3 March 2011 The effect of defect cluster size and interpolation on radiographic image quality
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Abstract
For digital X-ray detectors, the need to control factory yield and cost invariably leads to the presence of some defective pixels. Recently, a standard procedure was developed to identify such pixels for industrial applications. However, no quality standards exist in medical or industrial imaging regarding the maximum allowable number and size of detector defects. While the answer may be application specific, the minimum requirement for any defect specification is that the diagnostic quality of the images be maintained. A more stringent criterion is to keep any changes in the images due to defects below the visual threshold. Two highly sensitive image simulation and evaluation methods were employed to specify the fraction of allowable defects as a function of defect cluster size in general radiography. First, the most critical situation of the defect being located in the center of the disease feature was explored using image simulation tools and a previously verified human observer model, incorporating a channelized Hotelling observer. Detectability index d' was obtained as a function of defect cluster size for three different disease features on clinical lung and extremity backgrounds. Second, four concentrations of defects of four different sizes were added to clinical images with subtle disease features and then interpolated. Twenty observers evaluated the images against the original on a single display using a 2-AFC method, which was highly sensitive to small changes in image detail. Based on a 50% just-noticeable difference, the fraction of allowed defects was specified vs. cluster size.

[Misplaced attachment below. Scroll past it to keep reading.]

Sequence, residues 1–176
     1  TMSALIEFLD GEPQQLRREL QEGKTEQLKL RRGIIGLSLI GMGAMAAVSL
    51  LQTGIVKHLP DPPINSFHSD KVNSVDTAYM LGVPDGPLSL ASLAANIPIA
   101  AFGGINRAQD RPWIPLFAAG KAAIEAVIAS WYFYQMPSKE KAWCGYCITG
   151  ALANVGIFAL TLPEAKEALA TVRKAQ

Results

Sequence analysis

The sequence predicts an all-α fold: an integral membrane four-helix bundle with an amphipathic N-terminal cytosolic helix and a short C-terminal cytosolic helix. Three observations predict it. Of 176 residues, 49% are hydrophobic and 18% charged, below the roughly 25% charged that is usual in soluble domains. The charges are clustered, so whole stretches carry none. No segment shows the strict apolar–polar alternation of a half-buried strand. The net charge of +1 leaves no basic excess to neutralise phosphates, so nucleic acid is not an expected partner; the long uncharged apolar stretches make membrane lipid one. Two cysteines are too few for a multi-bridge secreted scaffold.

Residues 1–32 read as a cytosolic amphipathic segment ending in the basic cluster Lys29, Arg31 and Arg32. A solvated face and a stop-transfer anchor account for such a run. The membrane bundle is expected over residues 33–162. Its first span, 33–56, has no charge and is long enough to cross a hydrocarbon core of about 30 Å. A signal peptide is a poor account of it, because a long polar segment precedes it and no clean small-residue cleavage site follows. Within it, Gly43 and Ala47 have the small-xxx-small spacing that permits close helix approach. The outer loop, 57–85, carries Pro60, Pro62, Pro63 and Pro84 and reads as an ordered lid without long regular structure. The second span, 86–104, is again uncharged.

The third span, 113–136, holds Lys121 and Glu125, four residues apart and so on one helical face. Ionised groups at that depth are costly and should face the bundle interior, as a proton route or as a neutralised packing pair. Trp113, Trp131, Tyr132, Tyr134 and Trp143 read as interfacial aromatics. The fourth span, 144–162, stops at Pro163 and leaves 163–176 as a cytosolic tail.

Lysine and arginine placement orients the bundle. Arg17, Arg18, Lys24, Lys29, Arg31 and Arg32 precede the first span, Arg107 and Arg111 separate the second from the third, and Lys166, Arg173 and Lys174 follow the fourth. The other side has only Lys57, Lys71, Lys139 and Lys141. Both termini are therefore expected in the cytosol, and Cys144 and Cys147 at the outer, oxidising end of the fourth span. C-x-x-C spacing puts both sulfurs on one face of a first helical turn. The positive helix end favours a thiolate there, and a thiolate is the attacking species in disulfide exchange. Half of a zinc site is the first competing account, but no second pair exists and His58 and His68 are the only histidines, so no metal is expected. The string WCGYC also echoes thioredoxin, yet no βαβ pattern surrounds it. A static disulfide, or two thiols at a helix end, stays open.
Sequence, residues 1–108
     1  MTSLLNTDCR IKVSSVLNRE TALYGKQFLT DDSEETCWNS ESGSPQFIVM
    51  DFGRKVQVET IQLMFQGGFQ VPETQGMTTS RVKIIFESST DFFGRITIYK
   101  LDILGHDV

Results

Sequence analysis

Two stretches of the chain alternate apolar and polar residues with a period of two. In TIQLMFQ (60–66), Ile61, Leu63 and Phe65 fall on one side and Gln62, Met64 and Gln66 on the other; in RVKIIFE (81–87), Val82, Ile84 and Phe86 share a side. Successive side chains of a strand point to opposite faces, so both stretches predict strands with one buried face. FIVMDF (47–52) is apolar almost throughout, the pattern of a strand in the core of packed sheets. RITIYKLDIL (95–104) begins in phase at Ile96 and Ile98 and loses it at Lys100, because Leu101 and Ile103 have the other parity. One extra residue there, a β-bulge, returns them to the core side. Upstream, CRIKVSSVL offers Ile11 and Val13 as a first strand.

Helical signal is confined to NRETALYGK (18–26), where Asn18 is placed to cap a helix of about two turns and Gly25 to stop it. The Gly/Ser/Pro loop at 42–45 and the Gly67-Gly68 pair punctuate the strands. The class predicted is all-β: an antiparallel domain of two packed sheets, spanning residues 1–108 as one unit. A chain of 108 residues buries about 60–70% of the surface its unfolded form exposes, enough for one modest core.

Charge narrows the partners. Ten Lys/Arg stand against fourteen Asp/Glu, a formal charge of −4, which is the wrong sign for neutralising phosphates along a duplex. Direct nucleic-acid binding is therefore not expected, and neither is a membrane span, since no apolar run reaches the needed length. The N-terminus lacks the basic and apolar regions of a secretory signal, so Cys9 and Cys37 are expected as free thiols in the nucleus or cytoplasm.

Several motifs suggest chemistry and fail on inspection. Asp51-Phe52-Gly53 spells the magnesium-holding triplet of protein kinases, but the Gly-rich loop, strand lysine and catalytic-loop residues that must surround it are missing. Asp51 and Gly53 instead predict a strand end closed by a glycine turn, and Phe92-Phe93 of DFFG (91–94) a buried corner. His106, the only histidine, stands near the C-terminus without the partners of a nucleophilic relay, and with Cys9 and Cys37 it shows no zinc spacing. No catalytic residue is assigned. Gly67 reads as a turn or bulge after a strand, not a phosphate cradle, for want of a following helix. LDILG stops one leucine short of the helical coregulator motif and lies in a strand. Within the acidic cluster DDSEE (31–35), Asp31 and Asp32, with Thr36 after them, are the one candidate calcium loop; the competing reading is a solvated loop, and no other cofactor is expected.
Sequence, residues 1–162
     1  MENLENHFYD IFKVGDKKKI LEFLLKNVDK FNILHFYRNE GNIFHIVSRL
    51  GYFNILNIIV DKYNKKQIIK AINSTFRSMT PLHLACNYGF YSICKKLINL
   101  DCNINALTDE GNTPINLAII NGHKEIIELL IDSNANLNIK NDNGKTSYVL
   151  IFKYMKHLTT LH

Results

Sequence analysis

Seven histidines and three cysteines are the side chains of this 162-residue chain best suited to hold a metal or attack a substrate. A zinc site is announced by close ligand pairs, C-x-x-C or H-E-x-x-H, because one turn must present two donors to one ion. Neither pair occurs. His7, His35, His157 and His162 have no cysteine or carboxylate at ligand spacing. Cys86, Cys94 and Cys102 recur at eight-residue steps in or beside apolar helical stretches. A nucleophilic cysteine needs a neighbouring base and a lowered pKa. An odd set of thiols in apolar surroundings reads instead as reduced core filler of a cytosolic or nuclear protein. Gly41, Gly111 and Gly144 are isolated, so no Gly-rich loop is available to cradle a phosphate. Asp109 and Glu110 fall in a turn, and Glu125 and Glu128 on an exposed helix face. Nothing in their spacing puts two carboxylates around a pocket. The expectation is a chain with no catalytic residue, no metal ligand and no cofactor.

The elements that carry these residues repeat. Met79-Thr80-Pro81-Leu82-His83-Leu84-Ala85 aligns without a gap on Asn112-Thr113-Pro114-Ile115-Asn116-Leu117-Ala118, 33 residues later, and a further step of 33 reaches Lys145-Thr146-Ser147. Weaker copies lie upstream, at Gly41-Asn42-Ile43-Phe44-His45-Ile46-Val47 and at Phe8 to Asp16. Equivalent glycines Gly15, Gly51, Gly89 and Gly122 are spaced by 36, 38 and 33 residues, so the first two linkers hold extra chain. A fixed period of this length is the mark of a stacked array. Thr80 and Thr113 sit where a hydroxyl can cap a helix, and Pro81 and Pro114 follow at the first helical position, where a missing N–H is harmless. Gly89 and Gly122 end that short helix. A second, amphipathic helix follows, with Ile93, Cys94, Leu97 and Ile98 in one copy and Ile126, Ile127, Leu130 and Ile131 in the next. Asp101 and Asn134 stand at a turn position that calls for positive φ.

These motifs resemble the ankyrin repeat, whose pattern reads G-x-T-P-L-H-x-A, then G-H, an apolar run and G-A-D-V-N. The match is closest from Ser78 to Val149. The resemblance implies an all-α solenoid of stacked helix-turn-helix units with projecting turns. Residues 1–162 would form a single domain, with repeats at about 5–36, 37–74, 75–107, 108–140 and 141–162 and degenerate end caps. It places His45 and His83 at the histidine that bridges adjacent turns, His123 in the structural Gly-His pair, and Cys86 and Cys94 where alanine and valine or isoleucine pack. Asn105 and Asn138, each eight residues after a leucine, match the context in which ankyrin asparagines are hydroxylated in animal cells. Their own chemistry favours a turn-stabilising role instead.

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Karin Töpfer, Karin Töpfer, Kwok L. Yip, Kwok L. Yip, } "The effect of defect cluster size and interpolation on radiographic image quality", Proc. SPIE 7966, Medical Imaging 2011: Image Perception, Observer Performance, and Technology Assessment, 79660V (3 March 2011); doi: 10.1117/12.878289; https://doi.org/10.1117/12.878289
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